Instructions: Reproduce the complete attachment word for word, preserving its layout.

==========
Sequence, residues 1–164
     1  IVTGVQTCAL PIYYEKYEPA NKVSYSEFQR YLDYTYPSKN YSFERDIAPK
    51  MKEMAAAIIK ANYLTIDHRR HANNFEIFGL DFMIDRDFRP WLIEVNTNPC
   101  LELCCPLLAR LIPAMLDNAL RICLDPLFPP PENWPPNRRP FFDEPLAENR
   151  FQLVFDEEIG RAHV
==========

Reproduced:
Sequence, residues 1–164
     1  IVTGVQTCAL PIYYEKYEPA NKVSYSEFQR YLDYTYPSKN YSFERDIAPK
    51  MKEMAAAIIK ANYLTIDHRR HANNFEIFGL DFMIDRDFRP WLIEVNTNPC
   101  LELCCPLLAR LIPAMLDNAL RICLDPLFPP PENWPPNRRP FFDEPLAENR
   151  FQLVFDEEIG RAHV